The case for writers is even stronger. The struggles and sometime misery of the most widely recognized contemporary masters, Updike, Roth, Bellow, Rushdie, Amis, McCarthy regularly shows itself in their work. Most of that list struggle with, to put it simply, women, and the last, McCarthy, with death and its inevitability. Before my time, we had Hemingway blow his brains out, Eliot agonize over whether or not he dared talk to a woman at a party and, later, masochistically revel in being a sinner before a judgmental god, Joyce struggle with his own divorce from this same god,  and again, for all of them, women, women, women. Proust devoted 4,800 pages to his inability, over the course of decades, to develop a single healthy relationship with any of the three women he set his sights on. Dostoevsky agonized over the right way to live in relationship with god and man, and Tolstoy pretty much the same. We could go on.

            (I should acknowledge that the list here is entirely male, and predominantly white. I don't really have anything to say about that, just don't bother pointing it out unless it somehow adds to the topic.)

            I have no hand or eye for painting and how someone composes an entirely new tune out of thin air is one of the most incredible, and humbling, feats I can imagine. But writing is something I have more experience with, and I think it is in this particular form of expression that some degree of discontent is most essential for the artist to possess. Writing, literature, story-telling, whatever you want to call it, is about creating conflict. But without some degree of unhappiness, dissatisfaction, discontent, you have no conflict. Without conflict, you have no story.

             And this is a problem that I, personally, continue to encounter as I attempt to find a way to write fiction. The single, cardinal rule of writing is this: Write what you know. You can't create a realistic setting, characters or conflict if you haven't experienced those same things yourself.

             I've lived a mildly interesting life. I've traveled a little bit, and lived on both coasts of this country. I've drunk plenty, but never had a drinking problem. I've had romantic encounters with a number of lovely and fascinating women, but know nothing of the accompanying agony that seems to plague so many, perhaps more sensitive, souls. Death doesn't perturb me, at least not to the degree of abject fear that so many people seem to suffer from. The issue of god seems to me to be a question beyond our ability to answer in any meaningful way, so I don't concern myself with it.

             And thus I have exhausted all of the usual stand-bys for works of literature; love and sex, death and god. What's left? I really don't know.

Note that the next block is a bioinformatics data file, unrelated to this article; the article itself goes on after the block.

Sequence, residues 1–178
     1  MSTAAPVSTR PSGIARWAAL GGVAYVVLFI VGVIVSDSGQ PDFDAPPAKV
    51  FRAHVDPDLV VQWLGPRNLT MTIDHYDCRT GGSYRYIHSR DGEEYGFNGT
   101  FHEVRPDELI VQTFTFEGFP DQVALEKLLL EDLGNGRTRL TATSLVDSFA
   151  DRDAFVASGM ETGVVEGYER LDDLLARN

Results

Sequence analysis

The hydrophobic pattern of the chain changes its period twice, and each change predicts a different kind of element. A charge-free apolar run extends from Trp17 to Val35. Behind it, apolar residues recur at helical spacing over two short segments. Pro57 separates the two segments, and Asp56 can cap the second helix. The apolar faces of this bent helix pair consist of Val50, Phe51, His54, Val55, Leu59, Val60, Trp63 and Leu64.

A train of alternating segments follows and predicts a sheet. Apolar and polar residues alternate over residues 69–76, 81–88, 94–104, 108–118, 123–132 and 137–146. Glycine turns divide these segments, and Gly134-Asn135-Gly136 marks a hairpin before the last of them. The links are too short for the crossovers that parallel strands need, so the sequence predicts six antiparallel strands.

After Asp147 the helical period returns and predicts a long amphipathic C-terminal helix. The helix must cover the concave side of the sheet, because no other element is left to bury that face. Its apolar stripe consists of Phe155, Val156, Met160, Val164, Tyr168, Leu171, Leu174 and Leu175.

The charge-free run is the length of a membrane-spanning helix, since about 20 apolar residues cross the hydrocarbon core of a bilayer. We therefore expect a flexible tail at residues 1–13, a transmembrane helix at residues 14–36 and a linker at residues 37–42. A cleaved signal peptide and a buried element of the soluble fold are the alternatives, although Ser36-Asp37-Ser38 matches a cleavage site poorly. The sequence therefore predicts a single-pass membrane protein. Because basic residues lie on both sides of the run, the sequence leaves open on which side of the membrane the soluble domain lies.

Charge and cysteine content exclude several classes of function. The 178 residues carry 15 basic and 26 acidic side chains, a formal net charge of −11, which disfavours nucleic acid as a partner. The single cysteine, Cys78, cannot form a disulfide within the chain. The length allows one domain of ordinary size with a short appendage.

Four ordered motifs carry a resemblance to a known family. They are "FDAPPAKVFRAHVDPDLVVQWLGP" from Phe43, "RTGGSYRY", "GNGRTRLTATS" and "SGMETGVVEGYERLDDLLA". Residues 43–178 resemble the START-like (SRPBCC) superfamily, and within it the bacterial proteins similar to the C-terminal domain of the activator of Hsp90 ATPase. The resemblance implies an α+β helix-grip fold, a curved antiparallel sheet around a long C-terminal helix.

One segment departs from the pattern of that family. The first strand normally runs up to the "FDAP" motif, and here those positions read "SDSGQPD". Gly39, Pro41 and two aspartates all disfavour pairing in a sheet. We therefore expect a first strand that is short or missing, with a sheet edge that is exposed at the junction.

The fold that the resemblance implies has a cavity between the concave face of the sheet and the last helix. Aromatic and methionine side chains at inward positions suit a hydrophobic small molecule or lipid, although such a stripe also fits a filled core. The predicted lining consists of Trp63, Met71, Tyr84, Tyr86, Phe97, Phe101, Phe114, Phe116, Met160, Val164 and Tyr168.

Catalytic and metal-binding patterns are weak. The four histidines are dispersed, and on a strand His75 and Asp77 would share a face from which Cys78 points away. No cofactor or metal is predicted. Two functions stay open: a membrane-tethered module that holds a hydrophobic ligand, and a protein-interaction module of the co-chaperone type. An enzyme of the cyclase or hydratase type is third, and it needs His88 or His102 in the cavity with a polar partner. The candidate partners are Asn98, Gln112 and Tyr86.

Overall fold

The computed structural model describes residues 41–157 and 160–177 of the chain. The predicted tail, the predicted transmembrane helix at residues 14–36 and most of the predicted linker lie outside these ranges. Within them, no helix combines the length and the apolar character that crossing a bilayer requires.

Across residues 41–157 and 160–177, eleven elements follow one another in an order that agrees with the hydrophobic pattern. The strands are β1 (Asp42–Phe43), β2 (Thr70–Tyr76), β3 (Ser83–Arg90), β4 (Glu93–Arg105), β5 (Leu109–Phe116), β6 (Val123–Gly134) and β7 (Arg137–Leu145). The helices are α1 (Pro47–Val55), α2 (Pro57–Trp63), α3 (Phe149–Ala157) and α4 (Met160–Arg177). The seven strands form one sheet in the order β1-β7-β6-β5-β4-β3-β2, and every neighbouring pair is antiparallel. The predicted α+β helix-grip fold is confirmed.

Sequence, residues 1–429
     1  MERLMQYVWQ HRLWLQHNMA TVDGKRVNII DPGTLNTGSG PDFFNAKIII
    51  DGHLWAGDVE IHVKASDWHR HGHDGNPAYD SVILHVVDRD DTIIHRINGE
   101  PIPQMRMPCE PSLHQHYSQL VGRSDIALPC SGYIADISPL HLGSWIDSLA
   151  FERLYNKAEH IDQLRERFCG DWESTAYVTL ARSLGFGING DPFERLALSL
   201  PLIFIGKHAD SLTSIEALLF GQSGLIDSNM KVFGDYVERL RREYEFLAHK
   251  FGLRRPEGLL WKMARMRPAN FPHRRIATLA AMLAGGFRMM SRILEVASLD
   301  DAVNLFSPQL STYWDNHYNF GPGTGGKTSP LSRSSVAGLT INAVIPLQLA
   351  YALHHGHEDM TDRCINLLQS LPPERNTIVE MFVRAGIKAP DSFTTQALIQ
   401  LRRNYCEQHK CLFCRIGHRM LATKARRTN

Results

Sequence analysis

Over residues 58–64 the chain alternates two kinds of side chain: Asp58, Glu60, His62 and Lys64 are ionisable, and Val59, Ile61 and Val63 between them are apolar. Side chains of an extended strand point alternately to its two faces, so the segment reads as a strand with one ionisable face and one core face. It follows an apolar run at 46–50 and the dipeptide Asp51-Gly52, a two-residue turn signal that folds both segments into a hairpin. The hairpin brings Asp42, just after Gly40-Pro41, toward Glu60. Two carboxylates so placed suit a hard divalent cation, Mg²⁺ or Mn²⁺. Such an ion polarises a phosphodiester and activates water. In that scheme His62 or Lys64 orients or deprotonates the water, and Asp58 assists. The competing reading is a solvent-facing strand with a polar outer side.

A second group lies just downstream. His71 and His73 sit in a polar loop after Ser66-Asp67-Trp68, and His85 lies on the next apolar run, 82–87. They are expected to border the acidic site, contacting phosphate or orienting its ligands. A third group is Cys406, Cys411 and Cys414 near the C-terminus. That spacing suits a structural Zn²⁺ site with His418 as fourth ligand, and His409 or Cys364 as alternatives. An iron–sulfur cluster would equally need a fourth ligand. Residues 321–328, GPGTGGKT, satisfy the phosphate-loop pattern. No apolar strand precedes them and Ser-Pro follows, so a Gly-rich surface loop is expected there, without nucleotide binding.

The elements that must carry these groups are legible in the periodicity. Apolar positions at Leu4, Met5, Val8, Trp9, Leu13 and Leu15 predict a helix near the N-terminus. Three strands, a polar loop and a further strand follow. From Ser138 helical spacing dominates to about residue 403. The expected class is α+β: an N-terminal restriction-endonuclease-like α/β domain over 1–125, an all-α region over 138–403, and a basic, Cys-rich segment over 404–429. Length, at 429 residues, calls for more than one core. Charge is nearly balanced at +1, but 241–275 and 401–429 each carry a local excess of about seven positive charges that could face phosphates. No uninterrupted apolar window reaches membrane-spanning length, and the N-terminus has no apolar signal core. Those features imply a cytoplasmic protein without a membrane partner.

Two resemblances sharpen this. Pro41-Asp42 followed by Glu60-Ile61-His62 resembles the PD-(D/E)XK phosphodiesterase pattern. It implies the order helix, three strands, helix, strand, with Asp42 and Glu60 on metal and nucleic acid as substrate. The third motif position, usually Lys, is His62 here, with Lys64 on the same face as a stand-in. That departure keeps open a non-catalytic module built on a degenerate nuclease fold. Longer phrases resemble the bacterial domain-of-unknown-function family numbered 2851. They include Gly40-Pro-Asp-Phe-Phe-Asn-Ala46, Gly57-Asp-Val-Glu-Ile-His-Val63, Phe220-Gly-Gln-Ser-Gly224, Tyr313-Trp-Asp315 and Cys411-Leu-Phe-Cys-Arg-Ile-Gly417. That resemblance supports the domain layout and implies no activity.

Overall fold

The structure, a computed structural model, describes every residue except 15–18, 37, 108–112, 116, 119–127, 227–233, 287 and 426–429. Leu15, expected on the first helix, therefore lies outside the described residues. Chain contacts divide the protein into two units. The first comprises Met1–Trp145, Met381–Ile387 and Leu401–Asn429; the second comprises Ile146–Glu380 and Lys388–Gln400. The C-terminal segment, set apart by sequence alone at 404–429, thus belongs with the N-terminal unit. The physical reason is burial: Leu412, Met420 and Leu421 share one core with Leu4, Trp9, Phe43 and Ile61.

So I write this instead, not with any particular aim to this post, but perhaps in the hope that identifying and expressing the source of my own frustration, I can move beyond it.

              At the core of the problem is this; I don't understand unhappiness. I find it to be a very strange phenomenon and I don't understand why so many people are attracted to it. There are other things in life that I feel the same way about. I don't understand why people care about money so much. I don't understand why, for many people, their time, which is the most irreplaceable thing in human existence, is less valuable than money, which is, well, paper. I don't understand how anything could be more valuable than truth, even happiness, and why some people are willing to trade the lesser of these for the greater. I really don't understand how people fail to see that by relinquishing one of these, they inevitably lose both. I don't understand why people enjoy worrying, and how they've come to see deliberate unhappiness as the only way to find some small amount of happiness.

              But these are all different masks of the same character, unhappiness. When one lives a relatively happy life, it becomes increasingly difficult to relate to those who won't. As a writer, the task of capturing something you can't understand is very challenging.

             It is a surreal world we live in- us, a species like all others, designed by the processes of natural selection to pursue satisfaction as the highest good, but unique in our ability to understand what we seek. And yet, at the same time, in a great twist of cosmic irony, almost perfected in our ability to disregard true happiness when it is right under our noses.

              Perhaps that is it right there. All that remains is the surreal way people go about making themselves deliberately miserable. That might have done the trick...